Oak Lace Or Ruffle

Early seventeenth century. H. Clifford Smith, Esq.

can be traced in the pattern of the three vertical styles, and in the panels themselves. This chest has the appearance of being of south-eastern county origin. It is too fine in quality for the Midlands, although similar patterns were used there. Every stem and guilloche-fillet in this chest is cut with the parting tool, and both design and execution show the greatest care. It is of much higher quality than Fig. 95.

Small pieces, such as portable desks, used chiefly by the travelling illuminator of manuscripts, and lace or ruffle boxes, frequently show the work of the first half of the seventeenth century at its best. A fine example has already been illustrated in Figs. 86 and 87. Fig. 97 shows the Elizabethan strap-motive on front and sides persisting to about the second decade of the seventeenth century, and Fig. 98 has a similar kind of ornament, but in the flattened low-relief fashion of the early years of James I. It is of later type, but is probably of the same or even an earlier date than the previousBexample. It is made from fine quartered English oak, in two stages, divided by a moulding of fine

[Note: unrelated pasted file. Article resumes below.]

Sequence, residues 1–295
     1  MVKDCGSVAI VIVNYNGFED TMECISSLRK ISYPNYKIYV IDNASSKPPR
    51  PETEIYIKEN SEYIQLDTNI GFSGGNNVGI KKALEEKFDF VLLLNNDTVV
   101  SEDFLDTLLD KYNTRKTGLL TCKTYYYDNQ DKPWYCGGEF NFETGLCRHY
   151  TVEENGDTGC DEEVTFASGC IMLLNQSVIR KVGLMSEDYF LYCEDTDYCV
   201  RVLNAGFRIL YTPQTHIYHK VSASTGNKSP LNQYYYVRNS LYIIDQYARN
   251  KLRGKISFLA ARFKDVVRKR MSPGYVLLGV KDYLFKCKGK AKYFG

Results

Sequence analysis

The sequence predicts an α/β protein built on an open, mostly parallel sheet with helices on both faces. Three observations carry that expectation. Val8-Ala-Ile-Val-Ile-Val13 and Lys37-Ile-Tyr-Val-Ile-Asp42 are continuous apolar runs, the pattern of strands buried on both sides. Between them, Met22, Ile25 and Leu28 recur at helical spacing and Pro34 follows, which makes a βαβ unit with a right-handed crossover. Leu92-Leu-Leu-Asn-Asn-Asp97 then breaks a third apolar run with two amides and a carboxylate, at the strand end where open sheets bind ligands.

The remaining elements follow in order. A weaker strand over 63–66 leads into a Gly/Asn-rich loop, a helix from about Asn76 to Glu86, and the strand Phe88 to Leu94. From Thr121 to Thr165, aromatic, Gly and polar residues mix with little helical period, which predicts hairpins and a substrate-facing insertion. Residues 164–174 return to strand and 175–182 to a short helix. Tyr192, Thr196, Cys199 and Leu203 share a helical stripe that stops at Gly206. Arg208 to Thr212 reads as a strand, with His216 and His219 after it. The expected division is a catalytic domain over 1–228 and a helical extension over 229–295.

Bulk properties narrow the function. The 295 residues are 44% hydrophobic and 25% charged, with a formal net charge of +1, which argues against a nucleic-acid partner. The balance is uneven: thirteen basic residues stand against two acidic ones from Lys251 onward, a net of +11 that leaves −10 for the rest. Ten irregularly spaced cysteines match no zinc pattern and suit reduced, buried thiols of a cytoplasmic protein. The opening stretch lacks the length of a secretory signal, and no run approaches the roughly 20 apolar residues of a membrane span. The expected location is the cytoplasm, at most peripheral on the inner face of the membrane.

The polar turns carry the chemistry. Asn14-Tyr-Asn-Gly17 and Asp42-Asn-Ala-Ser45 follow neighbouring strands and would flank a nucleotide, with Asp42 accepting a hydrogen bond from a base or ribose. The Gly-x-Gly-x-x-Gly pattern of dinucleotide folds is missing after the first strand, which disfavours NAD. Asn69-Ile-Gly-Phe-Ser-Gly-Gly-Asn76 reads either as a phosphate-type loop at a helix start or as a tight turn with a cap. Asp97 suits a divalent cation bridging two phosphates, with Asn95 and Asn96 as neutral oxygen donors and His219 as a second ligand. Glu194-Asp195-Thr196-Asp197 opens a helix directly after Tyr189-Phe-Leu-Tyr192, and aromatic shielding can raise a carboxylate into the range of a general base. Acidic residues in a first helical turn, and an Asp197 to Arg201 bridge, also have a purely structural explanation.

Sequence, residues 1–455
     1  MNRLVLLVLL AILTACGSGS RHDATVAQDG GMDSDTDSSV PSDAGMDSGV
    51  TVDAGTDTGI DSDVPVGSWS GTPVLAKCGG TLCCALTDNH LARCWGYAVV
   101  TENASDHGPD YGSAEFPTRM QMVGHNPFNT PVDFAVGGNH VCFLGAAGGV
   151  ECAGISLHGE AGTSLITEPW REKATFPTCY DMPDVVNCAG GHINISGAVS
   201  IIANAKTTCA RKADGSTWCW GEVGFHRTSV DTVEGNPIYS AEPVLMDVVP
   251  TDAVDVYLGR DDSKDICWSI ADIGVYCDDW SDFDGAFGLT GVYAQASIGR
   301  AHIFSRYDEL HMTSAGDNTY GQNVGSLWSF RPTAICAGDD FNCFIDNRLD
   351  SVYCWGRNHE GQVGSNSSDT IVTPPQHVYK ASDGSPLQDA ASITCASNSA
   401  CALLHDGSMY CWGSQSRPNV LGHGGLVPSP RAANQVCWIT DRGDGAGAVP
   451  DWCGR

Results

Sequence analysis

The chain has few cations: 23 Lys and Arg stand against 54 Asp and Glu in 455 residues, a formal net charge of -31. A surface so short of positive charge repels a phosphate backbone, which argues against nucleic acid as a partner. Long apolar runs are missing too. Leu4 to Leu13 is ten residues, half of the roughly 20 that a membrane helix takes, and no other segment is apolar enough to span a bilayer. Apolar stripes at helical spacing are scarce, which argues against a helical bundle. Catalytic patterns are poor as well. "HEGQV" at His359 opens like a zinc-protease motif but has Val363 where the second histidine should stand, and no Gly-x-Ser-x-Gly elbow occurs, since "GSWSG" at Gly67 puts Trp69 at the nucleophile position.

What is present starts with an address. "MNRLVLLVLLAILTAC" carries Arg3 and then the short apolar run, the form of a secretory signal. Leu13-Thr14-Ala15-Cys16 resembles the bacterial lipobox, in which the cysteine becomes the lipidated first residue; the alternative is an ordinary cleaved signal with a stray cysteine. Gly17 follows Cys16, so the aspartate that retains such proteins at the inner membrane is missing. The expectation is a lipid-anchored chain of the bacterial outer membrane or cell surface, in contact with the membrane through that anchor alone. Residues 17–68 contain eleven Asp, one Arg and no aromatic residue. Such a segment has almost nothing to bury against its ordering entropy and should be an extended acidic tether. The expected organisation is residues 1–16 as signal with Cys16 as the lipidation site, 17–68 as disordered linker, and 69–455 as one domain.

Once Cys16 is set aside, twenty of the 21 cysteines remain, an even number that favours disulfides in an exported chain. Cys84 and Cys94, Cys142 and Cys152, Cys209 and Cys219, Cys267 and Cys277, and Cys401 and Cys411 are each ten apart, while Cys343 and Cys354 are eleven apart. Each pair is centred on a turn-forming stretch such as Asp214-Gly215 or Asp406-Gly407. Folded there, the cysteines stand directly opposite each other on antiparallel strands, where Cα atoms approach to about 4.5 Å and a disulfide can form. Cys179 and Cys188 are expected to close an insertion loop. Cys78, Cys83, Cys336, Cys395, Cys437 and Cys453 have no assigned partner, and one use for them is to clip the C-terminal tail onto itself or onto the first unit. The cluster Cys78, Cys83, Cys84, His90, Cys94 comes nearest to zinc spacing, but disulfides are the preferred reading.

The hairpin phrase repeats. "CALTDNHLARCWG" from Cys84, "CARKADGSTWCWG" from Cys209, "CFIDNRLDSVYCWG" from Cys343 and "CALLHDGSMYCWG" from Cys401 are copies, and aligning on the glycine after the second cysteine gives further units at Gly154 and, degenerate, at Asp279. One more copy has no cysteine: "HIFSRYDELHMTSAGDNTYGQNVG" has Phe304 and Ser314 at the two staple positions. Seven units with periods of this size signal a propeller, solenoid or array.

Fig. 99. INLAID OAK BOX.

Early seventeenth century.

Fig. 99. INLAID OAK BOX.

Early seventeenth century.

H. Clifford Smith, Esq.

Fig. 100. OAK COURT CUPBOARD.

Middle seventeenth century.

Fig. 100. OAK COURT CUPBOARD.

Middle seventeenth century.

ft S

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How To Sell Furniture

How To Sell Furniture

Types Of Furniture To Sell. There are many types of products you can sell. You just need to determine who your target market is and what specific item they want. Or you could sell a couple different ones in a package deal.

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